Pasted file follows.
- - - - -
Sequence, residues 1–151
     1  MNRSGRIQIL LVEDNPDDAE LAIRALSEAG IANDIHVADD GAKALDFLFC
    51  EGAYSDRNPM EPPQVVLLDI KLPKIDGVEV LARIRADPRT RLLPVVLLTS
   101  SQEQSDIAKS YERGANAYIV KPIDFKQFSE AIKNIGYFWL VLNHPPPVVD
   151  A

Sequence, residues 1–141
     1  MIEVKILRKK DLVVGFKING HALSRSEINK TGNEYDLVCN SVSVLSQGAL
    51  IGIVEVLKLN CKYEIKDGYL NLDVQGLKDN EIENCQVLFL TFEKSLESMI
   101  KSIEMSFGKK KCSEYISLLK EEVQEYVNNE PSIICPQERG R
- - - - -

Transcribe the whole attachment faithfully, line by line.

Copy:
Sequence, residues 1–151
     1  MNRSGRIQIL LVEDNPDDAE LAIRALSEAG IANDIHVADD GAKALDFLFC
    51  EGAYSDRNPM EPPQVVLLDI KLPKIDGVEV LARIRADPRT RLLPVVLLTS
   101  SQEQSDIAKS YERGANAYIV KPIDFKQFSE AIKNIGYFWL VLNHPPPVVD
   151  A

Sequence, residues 1–141
     1  MIEVKILRKK DLVVGFKING HALSRSEINK TGNEYDLVCN SVSVLSQGAL
    51  IGIVEVLKLN CKYEIKDGYL NLDVQGLKDN EIENCQVLFL TFEKSLESMI
   101  KSIEMSFGKK KCSEYISLLK EEVQEYVNNE PSIICPQERG R